Located in the former Canongate tolbooth on the Royal Mile - a building dating from the late sixteenth century - the People's Story is one of the free museums which offers a brief glimpse of what life in Edinburgh has been like across the years.
Focusing on the lives of the people in the city, the museums showcases a variety of aspects of Edinburgh life, with atmospheric soundbites based on the actual testimony of city residents.
It's not as large as the Museum of Edinburgh, which is directly across the road, and the exhibitions have a decidedly old-fashioned feel to them - I'd go as far as to say suggest that much of the information hasn't been updated since the 1980s, when the museum first opened... The displays are also fairly text heavy - take your reading glasses if you need them!
But there are some intriguing details revealed, and it offers quite an insightful perspective on what life in Edinburgh has been like in the past.
It is the people of Edinburgh who take centre stage here, and as such there are costumed models through the museum giving a visual sense of the figures who have lived and worked in the city, and whose stories are being told.
From law and order - the Canongate tolbooth served as a prison, at a time when this area was still separate from Edinburgh and operating as an independent town - to the traditional trades and guilds of the city, to a peek into workplaces of the past, with domestic tableaux showing how people lived at home, there is a wealth of information to be uncovered.
One exhibit shows two ladies enjoying afternoon tea at a tearoom on Princes Street, back to back with a display of their husbands enjoying a drink in a local pub before heading to the local derby between rival football teams, Heart of Midlothian and Hibernian.
Stand for a moment and listen as the conversation between the women is cut with the conversation between the men, highlighting how life was different for husbands and wives, and the variety of concerns they discuss. For the women there's a discussion of temperance and their fears for their children, while the men joke about which of their teams will be victorious at the match...
There's much more sobering content, too. One scene shows a mother and her four children sleeping under the eaves of the room on Blackfriars Street in which she lives in the middle of the 19th century, while the display at the side details what life was like for the more than 1,000 people who lived on the lane. Look closely and you'll notice the woman is shown with tears rolling down her face...
Certainly the museum shows, without gloss, how conditions in Edinburgh were pretty pitiful for many people for many years. And unlike much of the focus of popular histories, which fixate on kings and queens and the high status figures of society, the People's Story is very specifically focused on showing the history of ordinary working people.
Find out about the public washrooms - the steamies - which were the heart of the community, and the housing available to single men who couldn't afford their own accommodation, and spent their days (and nights) in what were described as chicken coops.
From the rise of industry to the rise of socialism, there's a fair amount of political detail to the way Edinburgh's history has unfolded.
The museum won't take more than thirty minutes of your time, perhaps, but it is charming in a municipal, old-fashioned way - and for anyone with an interest in social history there's guaranteed to be something to discover.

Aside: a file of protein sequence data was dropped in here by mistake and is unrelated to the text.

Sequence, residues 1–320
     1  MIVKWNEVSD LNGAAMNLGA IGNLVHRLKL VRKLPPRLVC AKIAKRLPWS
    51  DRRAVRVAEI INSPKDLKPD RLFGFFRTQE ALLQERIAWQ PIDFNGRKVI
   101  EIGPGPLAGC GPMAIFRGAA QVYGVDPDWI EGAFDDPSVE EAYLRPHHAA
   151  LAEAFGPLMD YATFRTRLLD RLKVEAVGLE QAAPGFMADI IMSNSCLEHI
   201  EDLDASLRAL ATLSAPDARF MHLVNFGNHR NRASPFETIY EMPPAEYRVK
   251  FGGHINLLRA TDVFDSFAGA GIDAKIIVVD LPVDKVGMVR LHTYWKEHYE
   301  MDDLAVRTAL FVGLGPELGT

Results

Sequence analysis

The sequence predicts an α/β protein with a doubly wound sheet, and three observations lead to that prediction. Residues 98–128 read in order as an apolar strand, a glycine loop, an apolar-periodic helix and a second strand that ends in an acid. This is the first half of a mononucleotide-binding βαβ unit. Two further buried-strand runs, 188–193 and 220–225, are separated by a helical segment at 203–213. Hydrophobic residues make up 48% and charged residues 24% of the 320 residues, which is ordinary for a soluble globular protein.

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Among Edinburgh's many free entry museums and galleries, St Cecilia's Hall is unique, operating as a classical concert venue as well as a museum of musical instruments. The building which houses it was built in 1763, when it was the first purpose-built concert hall in Scotland.
Designed by Robert Mylne, the hall was narrowly spared when the plans to build South Bridge necessitated the demolition of the lane adjacent to the concert hall on its western side in the 1780s.
After a period as a Baptist church, an arts college and a masonic lodge, the building was bought by the University of Edinburgh in 1959. Today St Cecilia's concert room hosts regular classical music recitals and lectures, as well as being a public museum of musical instruments from all around the world.
The museum holds over 500 musical instruments, from a collection started by Raymond Russell, an organologist, who donated his collection to the University of Edinburgh in 1960.
The range of instruments on display will undoubtedly be more interesting to those with knowledge and experience of music (ie. musicians) but is still impressive to those without such professional insight.
I was especially intrigued by a Tibetan kangling, a ritual flute made from a human thigh bone ("the leg bone of a criminal or a person who died a violent death is preferred," according to Wikipedia), and a violin from the 18th century which is so thin the curatorial note indicates that they are not entirely certain it is technically a violin at all...
There are musical instruments of (almost) every shape and variety on display, from harpsichords (one of which may have been played by a young Mozart...) to guitars, to wind instruments. In one of the sections of national instruments are, of course, bagpipes.
But it is the curiosities which are most likely to catch the attention of a casual visitor - the serpent, for example, an early woodwind instrument which could be up to 5m in length, or the double bell euphonium, a brass instrument with not one but two horns....
The collection of instruments are displayed in bright and clean cases, with information about their date, country of provenance, and some detail about their historical or cultural significance.
The museum is split over two levels, and its on the upper floor that you can peer into the oval Sypert Concert Room itself. Having been substantially renovated and modernised in 2017, the museum and concert room together feel like contemporary spaces that combine history and modernity.
As always, with museums in these historic spaces, it's difficult not to imagine the people who have occupied these rooms before us, the feet which have climbed the stairs, and the more than 250 years of history of the concert room itself.
So step off the narrow cobbled lane of Niddry Street and through the piano-shaped entrance of this small but perfectly formed museum of musical heritage, and catch a glimpse of Georgian-era Edinburgh.
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All of Edinburgh's publicly owned museums and galleries offer free entry to their permanent collections, and National Galleries Scotland manage five buildings which provide access to a fantastic array of artworks.